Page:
E-reader device sales are falling rapidly.
Devices such as Kindle e-readers, Nook, and Kobo are all suffering from a rapid drop-off in sales.
Yet, readers are still buying and reading ebooks.
So what is going on here with ebook readers and, in particular, Kindle sales?
The Kindle device in decline
First, in a report on The Demographics of Device Ownership in the US, Pew Research offers the following summary of reading device ownership.
The popularity of e-readers declines
Some 19% of adults report owning an e-reader – a handheld device such as a Kindle or Nook primarily used for reading e-books.
This is a sizable drop from early 2014 when 32% of adults owned this type of device. Ownership of e-readers is somewhat more common among women (22%) than men (15%).
Data from Statista shows the decline in e-reader sales in more detail:
Shipments of e-book readers worldwide from 2008 to 2016 (in million units)
This statistic shows the number of e-book reader shipments worldwide from 2008 to 2012 and also offers a forecast until 2016. During 2009, around 3.8 million e-readers were sold worldwide.
In the United States, the revenue from e-books was 158 million U.S. dollars in 2008. Back in 2010, Amazon’s Kindle accounted for 62.8 percent of all e-reader shipments worldwide.
One of the main problems is that devices have failed to develop in any significant technical form since their introduction in 2008.
If you own a Kindle from 2009, you will know that it is almost the same as the current model.
In fact, I believe my old 2nd gen Kindle is better, as it came with an audio connector, which was removed from later models.
Waterstones decided to stop Kindle sales. Managing director James Daunt says: ‘Ereader sales continue to be pitiful, so we are taking the display space back.’
E-reader device sales update
A recent update by Statista shows the continual decline of e-reader device sales for the period 2018 through 2025.
The declining trend of e-reader device sales is clearly continuing for Kindles and similar devices.
The phone is the new ereader
If e-reader device sales are in free fall or in their death throes, how are people reading ebooks?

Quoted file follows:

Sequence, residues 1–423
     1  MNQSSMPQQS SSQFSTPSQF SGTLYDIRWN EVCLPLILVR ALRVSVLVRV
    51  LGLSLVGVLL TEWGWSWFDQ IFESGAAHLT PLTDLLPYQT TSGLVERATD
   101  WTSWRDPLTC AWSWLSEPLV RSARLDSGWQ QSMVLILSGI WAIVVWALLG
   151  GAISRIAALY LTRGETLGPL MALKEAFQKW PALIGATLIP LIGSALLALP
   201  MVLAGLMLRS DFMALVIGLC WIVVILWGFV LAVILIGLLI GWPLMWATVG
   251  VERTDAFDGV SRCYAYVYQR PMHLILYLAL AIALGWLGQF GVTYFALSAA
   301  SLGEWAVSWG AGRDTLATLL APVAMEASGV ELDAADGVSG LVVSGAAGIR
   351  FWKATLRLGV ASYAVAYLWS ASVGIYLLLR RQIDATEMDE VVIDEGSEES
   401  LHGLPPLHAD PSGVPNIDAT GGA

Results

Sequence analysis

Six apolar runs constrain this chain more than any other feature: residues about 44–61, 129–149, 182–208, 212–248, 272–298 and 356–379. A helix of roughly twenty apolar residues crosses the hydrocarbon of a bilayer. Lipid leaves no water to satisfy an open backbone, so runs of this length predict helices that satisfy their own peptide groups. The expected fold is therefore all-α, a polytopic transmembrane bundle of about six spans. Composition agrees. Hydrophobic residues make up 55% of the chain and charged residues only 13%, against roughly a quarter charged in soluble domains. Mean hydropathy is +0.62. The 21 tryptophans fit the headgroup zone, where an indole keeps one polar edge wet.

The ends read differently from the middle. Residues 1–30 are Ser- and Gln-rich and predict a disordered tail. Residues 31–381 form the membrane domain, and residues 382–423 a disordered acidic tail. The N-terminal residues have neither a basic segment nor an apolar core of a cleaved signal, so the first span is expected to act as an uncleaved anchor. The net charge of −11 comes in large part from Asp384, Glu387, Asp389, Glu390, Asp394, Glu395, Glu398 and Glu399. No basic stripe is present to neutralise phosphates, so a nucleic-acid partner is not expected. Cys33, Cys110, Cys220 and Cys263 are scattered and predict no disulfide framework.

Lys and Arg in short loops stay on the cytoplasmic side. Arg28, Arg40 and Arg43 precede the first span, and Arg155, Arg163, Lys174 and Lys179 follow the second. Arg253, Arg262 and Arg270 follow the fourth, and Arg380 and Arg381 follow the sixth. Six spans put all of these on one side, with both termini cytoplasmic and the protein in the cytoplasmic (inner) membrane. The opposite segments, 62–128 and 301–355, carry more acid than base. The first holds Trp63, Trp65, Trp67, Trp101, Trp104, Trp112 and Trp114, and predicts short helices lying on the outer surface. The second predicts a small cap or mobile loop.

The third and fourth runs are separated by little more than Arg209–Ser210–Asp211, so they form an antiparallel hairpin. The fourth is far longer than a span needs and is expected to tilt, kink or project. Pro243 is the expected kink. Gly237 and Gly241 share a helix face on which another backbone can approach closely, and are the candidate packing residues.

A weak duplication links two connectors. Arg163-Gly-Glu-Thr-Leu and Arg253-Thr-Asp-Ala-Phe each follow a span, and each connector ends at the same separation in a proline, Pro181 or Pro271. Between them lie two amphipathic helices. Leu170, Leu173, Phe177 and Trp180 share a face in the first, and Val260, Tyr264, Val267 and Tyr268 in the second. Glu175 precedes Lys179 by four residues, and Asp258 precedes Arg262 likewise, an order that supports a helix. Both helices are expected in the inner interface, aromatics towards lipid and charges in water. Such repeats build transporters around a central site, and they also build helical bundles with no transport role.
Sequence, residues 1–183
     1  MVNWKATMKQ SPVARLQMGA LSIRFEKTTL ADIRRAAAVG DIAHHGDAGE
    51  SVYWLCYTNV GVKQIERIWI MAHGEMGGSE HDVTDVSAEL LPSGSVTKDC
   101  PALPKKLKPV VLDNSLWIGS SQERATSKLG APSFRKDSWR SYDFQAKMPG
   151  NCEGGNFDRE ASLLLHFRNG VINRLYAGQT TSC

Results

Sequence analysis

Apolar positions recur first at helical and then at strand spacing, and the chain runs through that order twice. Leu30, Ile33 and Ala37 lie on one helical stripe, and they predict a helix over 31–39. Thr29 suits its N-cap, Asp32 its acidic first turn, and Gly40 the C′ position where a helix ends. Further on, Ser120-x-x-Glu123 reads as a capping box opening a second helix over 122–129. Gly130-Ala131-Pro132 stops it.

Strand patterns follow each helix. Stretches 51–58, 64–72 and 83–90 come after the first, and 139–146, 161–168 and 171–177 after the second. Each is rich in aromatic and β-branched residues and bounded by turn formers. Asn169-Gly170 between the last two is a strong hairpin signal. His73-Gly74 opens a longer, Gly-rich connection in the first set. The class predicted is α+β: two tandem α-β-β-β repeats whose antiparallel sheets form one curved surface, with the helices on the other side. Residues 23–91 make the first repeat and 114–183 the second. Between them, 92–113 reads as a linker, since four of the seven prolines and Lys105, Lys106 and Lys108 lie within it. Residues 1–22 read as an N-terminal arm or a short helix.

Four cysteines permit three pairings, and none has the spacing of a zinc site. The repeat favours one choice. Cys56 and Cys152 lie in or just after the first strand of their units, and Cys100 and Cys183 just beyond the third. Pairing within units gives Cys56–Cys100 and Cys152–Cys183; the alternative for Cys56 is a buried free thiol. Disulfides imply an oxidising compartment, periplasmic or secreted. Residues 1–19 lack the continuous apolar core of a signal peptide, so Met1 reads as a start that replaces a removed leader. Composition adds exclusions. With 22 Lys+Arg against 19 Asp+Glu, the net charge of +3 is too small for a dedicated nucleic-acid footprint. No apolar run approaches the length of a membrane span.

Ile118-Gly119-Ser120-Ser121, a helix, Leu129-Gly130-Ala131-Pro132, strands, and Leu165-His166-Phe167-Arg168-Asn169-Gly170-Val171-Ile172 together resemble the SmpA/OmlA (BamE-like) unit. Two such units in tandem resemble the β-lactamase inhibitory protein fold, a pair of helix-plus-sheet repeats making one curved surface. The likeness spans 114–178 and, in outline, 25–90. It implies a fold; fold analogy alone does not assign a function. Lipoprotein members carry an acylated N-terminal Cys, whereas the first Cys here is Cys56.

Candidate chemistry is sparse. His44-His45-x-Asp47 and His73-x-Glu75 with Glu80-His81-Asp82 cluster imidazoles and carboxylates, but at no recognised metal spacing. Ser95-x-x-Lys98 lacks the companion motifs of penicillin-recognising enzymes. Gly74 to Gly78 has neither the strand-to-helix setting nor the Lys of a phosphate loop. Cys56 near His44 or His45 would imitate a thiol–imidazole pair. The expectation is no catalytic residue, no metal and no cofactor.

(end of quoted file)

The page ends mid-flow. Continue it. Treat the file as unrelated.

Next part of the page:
Again from Pew, the data tells the story. Smartphones and tablets are the choices of ebook readers.
Cellphones are near saturation levels for some groups
Fully 92% of American adults own a cellphone, which is similar to the 90% of the public who reported owning these mobile devices in 2014.
Although cellphones are common today, the share of adults who own one has risen substantially since 2004, when 65% of Americans owned a mobile phone.
Close to half of all Americans own a tablet
The share of Americans who own a tablet computer has risen tenfold since 2010. Today, 45% of U.S. adults own a tablet – a substantial increase since Pew Research Center began measuring tablet ownership in 2010.
Then, only 4% of adults in the U.S. were tablet owners. Ownership, however, is statistically the same as it was in 2014.
If ebook readers are moving more and more towards reading ebooks on smartphones and tablets, what does this mean for self-publishing authors?
The most important consideration now is readability.
Reading on a smartphone using a reading app is not the same as on a dedicated ereader or even a tablet.
With a much smaller screen area, thought must be given to far better ebook formatting and especially with regard to font sizes.
Amazon Kindle Direct Publishing (KDP) accepts almost any font size in a Word document to be published as Kindle ebooks.
But titles and chapter headings of 24pt or more will look positively huge on a smartphone screen and distract badly from readability.